by Fr. Jonathan Atchley
Although Alice has long been a favorite character of mine in literature, I often puzzled over the confusing struggles she experienced, unfairly, I add, over her encounters with the minions of Wonderland. Many of the characters talk nonsense and grow annoyed with her because she does not follow their idiosyncratic use of language. They criticize her for not understanding, and throughout her adventures she struggles with feelings of insecurity until she can establish her own authority. While in her quest for meaning and her own secure identity, she is rebuffed by the disordered and unjust authority imposed by Wonderland’s inhabitants.
Take, for instance, Alice’s encounter with the Caterpillar, who challenges her attempt to make sense of Wonderland with contempt.
“Who are you?” said the Caterpillar.
Alice replied, rather shyly, “I—I hardly know, sir, just at present—at least I know who I was when I got up this morning, but I think I must have been changed several times since then.” [Recall her having grown small and large.]
“What do you mean by that?” said the Caterpillar sternly. “Explain yourself!”
“I can’t explain myself, I’m afraid, sir,” said Alice, “because I’m not myself, you see.”
“I don’t see,” said the Caterpillar.
“I’m afraid I can’t put it more clearly,” Alice replied very politely, “for I can’t understand it myself to begin with; and being so many different sizes in a day is very confusing.”
“It isn’t,” said the Caterpillar.
“Well, perhaps you haven’t found it so yet,” said Alice; “but when you have to turn into a chrysalis—you will some day, you know—and then after that into a butterfly, I should think you’ll feel it a little queer, won’t you?”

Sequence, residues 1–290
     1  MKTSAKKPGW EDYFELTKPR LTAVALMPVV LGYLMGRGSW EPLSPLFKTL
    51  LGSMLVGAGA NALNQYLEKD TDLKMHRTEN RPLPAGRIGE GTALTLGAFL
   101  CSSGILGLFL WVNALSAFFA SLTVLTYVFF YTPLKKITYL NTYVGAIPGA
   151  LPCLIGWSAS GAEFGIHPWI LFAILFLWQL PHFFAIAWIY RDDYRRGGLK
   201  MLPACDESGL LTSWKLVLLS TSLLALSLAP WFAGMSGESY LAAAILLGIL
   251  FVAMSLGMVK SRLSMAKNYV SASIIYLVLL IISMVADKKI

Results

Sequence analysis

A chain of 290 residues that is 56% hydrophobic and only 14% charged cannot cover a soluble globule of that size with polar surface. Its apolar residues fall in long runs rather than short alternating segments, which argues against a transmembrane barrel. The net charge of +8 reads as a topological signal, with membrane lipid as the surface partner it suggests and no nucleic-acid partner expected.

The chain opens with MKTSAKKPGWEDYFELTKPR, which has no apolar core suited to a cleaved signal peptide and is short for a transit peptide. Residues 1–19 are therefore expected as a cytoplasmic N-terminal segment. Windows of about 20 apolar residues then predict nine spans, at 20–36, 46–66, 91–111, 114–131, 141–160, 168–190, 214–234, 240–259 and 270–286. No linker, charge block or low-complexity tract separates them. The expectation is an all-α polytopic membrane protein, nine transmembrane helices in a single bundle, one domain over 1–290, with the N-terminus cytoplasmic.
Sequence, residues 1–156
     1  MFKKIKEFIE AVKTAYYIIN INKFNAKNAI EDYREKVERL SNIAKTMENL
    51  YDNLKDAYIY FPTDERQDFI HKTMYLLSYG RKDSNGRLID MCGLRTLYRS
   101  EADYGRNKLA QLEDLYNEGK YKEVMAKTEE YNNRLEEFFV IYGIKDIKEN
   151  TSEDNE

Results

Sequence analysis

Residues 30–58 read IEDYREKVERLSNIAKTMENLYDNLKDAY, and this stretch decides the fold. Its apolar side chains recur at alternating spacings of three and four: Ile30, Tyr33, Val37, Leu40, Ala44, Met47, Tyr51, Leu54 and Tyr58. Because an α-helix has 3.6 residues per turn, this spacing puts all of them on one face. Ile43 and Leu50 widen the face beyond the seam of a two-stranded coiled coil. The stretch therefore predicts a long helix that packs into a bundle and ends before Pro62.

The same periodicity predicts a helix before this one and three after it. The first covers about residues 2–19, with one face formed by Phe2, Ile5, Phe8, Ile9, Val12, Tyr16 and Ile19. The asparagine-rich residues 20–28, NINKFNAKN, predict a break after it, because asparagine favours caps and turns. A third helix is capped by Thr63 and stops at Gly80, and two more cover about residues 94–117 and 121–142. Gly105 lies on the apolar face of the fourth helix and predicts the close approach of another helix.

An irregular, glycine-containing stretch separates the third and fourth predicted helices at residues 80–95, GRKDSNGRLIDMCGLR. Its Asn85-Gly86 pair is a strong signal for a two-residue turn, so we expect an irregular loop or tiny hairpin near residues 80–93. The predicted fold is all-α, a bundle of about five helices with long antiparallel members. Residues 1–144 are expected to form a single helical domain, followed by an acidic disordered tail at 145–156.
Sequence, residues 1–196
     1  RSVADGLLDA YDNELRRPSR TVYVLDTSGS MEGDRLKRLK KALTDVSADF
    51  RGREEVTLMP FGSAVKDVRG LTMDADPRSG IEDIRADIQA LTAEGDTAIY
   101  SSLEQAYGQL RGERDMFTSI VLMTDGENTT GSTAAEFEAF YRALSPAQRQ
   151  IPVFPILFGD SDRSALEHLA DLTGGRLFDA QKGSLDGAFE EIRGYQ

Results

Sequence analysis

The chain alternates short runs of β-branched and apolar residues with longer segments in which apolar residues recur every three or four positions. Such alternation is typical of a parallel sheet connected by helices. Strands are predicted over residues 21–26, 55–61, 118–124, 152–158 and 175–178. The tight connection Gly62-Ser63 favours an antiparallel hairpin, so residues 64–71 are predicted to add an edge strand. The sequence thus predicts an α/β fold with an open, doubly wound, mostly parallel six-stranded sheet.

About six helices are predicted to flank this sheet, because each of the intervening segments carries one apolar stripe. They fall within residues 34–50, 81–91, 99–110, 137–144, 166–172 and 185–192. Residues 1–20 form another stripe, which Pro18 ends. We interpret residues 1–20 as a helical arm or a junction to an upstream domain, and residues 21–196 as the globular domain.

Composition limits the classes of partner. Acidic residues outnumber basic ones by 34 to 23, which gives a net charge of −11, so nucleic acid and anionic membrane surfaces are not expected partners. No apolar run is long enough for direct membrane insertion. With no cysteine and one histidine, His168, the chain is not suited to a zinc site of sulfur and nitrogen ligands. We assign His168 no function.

“Not a bit,” said the Caterpillar.
“Well, perhaps your feelings may be different,” said Alice; “all I know is, it would feel very queer to me.”
“You!” said the Caterpillar contemptuously. “Who are you?”
Which brought them back again to the beginning of the conversation. Alice felt a little irritated at the Caterpillar’s making such very short remarks, and she drew herself up and said, very gravely, “I think, you ought to tell me who you are, first.”
Poor Alice goes around and around with such self-absorbed characters as the White Rabbit, the Mad Hatter, the Red Queen, on and on, in her quest to make sense of their foolishness. But in Wonderland, theirs is authority and power, and Alice learns that to find truth she must assert herself and impose an ordered sense of logic on a world lost in its own silly, illogical way of looking at reality. 
Something like this "embrace of confusion" seems to be going on in the world today, with the dominant interpersonal and subjective philosophies of liberalism, relativism, pluralism, modernism and so on. Those in power interpret truth and reality in ways far different than traditional Christians have done for millennia. Truth, for the liberated, contemporary mind, doesn’t hold for all people in all cases (which of course, makes truth really a lie); it admits of contradictions and polar opposition in an effort to be non-judgmental and welcoming. And thanks to a recently published, enlightening article by Professor Echeverria this odd refusal to see and call things as they are, which is embraced by Pope Francis, can be re-evaluated as the confusion that it really implies.